Birches sentence example

birches
  • The coarse evergreen color of the small fir trees scattered here and there among the birches was an unpleasant reminder of winter.

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  • Warmed by the spring sunshine he sat in the caleche looking at the new grass, the first leaves on the birches, and the first puffs of white spring clouds floating across the clear blue sky.

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  • Witches-brooms are the tufted bunches of twigs found on silver firs, birches and other trees, and often present resemblances to birds nests or clumps of mistletoe if only seen from a distance.

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  • There were oaks, beeches (scarcely distinguishable from existing species), birches, planes and willows (one closely related to the living Salix candida), laurels, represented by Sassafras and Cinnamomum, magnolias and tulip trees (Liriodendron), myrtles, Liquidambar, Diospyros and ivy.

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  • He looked at the row of birches shining in the sunshine, with their motionless green and yellow foliage and white bark.

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  • The greater part of the mountain is destitute of trees, but the lower Ararat is clothed with birches.

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  • Probably ten times the age of the birches that formed the forest, it was ten times as thick and twice as tall as they.

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  • And the birches with their light and shade, the curly clouds, the smoke of the campfires, and all that was around him changed and seemed terrible and menacing.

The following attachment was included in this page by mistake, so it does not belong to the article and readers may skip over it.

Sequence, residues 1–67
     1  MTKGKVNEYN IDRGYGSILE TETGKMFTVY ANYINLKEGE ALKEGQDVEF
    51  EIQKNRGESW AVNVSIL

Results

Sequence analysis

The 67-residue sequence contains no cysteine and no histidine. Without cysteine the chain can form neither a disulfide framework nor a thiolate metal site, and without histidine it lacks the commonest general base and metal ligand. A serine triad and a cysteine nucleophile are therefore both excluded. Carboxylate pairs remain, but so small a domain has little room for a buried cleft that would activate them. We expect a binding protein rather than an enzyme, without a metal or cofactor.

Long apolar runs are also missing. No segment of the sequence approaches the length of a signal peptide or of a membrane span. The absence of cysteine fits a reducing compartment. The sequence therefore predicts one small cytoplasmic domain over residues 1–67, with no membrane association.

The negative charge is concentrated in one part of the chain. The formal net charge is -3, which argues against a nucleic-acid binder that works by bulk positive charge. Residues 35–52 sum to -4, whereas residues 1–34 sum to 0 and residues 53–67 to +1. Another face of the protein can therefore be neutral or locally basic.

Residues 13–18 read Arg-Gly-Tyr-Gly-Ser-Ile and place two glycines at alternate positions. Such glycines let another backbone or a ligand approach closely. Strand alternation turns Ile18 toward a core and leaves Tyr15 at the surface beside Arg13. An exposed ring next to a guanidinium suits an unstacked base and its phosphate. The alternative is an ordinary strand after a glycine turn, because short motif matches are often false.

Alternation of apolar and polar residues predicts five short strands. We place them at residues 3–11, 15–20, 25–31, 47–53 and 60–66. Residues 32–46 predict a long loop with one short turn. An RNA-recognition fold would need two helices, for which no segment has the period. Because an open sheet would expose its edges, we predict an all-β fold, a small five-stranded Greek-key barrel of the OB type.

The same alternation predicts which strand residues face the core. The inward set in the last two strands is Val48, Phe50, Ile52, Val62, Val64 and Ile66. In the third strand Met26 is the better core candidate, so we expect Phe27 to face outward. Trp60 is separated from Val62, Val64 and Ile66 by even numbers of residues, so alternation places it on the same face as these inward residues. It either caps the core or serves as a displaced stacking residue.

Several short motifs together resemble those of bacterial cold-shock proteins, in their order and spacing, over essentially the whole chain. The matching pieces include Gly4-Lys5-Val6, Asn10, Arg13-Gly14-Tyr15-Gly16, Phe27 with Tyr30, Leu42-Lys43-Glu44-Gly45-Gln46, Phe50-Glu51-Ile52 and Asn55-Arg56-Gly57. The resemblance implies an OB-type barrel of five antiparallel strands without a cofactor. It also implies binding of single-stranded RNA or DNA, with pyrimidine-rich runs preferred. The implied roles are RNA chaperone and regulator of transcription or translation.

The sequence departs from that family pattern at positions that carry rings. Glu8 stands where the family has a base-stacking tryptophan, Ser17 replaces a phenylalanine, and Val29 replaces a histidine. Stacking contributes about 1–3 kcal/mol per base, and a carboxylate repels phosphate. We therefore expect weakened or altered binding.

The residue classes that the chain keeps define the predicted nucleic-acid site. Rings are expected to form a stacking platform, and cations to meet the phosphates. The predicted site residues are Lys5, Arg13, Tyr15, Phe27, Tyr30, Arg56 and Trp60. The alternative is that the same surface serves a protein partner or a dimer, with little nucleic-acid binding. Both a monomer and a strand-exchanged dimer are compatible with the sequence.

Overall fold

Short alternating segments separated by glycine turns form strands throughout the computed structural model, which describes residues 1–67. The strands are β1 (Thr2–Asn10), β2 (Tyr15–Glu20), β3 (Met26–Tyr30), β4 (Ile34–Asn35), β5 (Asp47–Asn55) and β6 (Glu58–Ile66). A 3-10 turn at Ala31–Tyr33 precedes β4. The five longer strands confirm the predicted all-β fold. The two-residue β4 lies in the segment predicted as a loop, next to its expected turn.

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  • BjdrkS ("the isle of birches"), by foreign authors called Birka, was a kind of capital where the king lived occasionally at least; history speaks of its relations with Dorestad in the Netherlands, and the extensive refuse heaps of the old city, as well as the numerous sepulchral monuments, show that the population must have been large.

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  • Our own native birches such as B. pendula and B. pubescens provide an excellent spring flush of foliage and wonderful autumn color.

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  • In the north, where the lichen-covered or ice-shaven rocks do not protrude, the ground is covered with a carpet of mosses, creeping dwarf willows, crow berries and similar plants, while the flowers most common are the andromeda, the yellow poppy, pedicularis, pyrola, &c. besides the flowering mosses; but in South Greenland there is something in the shape of bush, the dwarf birches even rising a few feet in very sheltered places, the willows may grow higher than a man, and the vegetation is less arctic and more abundant.

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  • In the deeper valleys and on the lowlands of West Siberia the larches, pines and silver firs, intermingled with birches and aspens, attain a great size, and the streams are fringed with thickets of poplar and willow.